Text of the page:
The joy of the Lord
A popular quote from the Bible is, "the joy of the Lord is your strength". There are three things about this quote that are vital to understanding what it is talking about. The first is the context o the passage. This quote is found in Nehemiah 8:10. The background is that God warned Israel from the days of Moses that if they failed to eliminate the Canaanites and followed their ways, and if they made improper allegiances with the pagan nations around them, that they would bring a curse of judgment upon themselves (Lev 27, Num 33:55, Deut 28, Josh 23:13, Jud 2:3). They repeatedly fell into idolatry and sin, and failed to keep the covenant of God. As God warned them, the nations of the idols they worshiped invaded and conquered their land. The Assyrians destroyed northern Israel, and Babylon destroyed the southern kingdom of Judah. Jeremiah prophesied that the land would lay desolate for 70 years (Jer 25:11-12, Jer 29:10). Afterward, God had mercy on Israel, and they began to return and rebuild their nation. Ezra and Haggai helped lead the rebuilding of the temple, and Nehemiah led the rebuilding of the walls of Jerusalem. The Israelites were living under very difficult circumstances spiritually and materially. After the reconstruction of the walls was completed, they had a meeting in which Ezra read the scriptures to them for 6 hours. When the people heard the words of the law of Moses that spoke about their situation, the people mourned and wept. The leaders told them not to weep, but to celebrate; and this is where the famous quote comes from. They had a great celebration because they understood the Bible. Imagine a big party going on today and someone passing by asking, "What's the celebration about?", and the response being, "We understand the Bible!" The circumstances did not seem to call for joy and celebration, but they found joy in their relationship with God despite the situation. That is the only way to find true joy. If we wait for our circumstances to bring us joy, we may have a long wait. If we find joy in the Lord regardless of the circumstances, we have discovered a great secret. We need strength to endure adversity, and we can find it when we have a relationship with God that is not subject to situations; but rather the situations are made subject to our relationship with God.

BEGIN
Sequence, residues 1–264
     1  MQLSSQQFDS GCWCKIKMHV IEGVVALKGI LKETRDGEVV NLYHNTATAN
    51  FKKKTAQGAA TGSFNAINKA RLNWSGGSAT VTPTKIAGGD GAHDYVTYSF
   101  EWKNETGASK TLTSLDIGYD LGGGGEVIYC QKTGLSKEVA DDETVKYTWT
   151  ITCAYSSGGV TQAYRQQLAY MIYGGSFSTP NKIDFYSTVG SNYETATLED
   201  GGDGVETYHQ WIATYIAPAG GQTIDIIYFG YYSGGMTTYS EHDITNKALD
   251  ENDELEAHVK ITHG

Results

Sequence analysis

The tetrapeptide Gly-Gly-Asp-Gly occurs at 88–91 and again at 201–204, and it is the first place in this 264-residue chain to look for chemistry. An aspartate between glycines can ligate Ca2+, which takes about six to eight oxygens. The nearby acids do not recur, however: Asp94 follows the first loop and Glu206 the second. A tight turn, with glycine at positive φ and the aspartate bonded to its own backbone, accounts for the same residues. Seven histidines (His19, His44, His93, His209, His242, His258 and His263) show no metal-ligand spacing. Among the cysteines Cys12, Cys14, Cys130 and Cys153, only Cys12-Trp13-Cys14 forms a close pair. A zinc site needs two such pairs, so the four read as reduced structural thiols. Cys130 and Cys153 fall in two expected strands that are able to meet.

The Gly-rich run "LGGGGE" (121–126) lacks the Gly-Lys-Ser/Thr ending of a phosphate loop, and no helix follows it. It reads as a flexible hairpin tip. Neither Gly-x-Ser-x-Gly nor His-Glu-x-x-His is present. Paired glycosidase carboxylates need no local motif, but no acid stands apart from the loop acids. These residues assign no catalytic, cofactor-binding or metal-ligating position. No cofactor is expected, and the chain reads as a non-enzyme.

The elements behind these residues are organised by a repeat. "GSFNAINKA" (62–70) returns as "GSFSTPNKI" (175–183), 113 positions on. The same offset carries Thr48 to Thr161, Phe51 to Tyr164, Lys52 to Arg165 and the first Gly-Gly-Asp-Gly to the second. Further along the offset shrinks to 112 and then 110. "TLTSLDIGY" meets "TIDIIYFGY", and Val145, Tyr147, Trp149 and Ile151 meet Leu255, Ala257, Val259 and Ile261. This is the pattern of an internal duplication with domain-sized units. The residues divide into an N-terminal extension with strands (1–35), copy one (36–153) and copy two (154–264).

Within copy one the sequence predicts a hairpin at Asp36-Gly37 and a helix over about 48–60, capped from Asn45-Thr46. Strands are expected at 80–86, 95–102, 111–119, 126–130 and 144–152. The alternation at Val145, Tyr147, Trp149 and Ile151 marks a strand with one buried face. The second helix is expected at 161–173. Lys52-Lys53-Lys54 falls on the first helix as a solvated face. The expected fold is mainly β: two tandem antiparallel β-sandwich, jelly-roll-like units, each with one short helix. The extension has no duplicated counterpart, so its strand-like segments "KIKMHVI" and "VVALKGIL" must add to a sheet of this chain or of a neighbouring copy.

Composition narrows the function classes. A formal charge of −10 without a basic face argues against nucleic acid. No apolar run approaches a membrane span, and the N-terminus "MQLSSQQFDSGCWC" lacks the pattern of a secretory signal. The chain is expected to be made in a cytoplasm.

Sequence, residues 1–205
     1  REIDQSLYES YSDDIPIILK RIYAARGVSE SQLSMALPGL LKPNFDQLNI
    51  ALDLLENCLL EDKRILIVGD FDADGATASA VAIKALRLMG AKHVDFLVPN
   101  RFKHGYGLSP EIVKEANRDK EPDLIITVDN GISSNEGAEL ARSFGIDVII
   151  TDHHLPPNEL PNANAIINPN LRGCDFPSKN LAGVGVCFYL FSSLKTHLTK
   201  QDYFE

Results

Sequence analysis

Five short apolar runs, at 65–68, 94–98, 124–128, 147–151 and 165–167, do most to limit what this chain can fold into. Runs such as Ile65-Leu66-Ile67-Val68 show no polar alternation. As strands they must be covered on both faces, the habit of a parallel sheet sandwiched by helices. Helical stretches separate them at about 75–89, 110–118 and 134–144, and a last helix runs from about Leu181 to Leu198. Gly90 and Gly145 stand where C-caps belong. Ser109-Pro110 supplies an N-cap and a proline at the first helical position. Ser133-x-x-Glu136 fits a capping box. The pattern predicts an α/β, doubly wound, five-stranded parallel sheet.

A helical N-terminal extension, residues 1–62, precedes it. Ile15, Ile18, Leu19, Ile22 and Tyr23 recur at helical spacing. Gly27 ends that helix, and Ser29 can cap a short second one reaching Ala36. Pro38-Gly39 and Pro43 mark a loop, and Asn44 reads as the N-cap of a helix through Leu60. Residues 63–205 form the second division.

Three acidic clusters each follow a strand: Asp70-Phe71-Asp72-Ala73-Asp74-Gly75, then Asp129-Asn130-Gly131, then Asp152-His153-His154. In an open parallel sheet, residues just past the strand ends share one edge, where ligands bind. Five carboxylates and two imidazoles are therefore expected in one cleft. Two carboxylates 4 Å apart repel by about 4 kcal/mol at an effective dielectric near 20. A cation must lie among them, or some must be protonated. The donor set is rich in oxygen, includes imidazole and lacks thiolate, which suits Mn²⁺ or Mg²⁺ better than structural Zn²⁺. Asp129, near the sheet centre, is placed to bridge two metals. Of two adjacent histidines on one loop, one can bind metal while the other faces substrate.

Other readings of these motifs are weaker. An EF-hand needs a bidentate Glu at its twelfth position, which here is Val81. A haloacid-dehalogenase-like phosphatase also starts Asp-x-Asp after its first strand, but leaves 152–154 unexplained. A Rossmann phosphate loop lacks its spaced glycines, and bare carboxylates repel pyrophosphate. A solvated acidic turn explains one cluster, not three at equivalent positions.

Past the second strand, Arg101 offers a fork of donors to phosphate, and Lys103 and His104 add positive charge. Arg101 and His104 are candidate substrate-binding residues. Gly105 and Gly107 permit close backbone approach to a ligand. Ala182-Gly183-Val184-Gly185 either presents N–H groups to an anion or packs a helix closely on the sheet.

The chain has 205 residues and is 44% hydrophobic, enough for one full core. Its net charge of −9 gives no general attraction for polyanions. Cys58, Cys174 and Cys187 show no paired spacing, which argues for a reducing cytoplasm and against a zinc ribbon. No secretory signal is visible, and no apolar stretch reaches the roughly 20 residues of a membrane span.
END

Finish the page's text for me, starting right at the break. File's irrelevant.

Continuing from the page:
The second thing we need to know is that the leaders were also implying that they had already been judged for their sins, they had repented, and God had forgiven them. God was now in the process of restoring them. They should not be holding themselves under condemnation any more. They needed to move on from that spiritual and emotional place, and be thankful for the progress they were making in rebuilding their lives. They needed to rejoice in the grace of God. When we fail to forgive ourselves of things God has forgiven us of, it can drain us. We have to find the goodness of God, even if we are in the midst of reaping what we have sown. Relentlessly beating ourselves up over the past is not a recipe for joy.
The third thing we need to understand about "the joy of the Lord is your strength" is that this does not mean God gives us joy. It means we should give God joy. When we seek to please the Lord in everything, then we find that true joy is not expecting God to make us happy. It is seeking to make Him happy. The verse does not say, "joy from the Lord is your strength." It says "the joy of the Lord." We do not find strength in trying to get God to approve our agenda. We find strength in doing His will. When we find joy in the same things God does, then we will be spiritually strong people. If we spend our energy trying to find joy in things that do not please God, our spiritual strength will be sapped.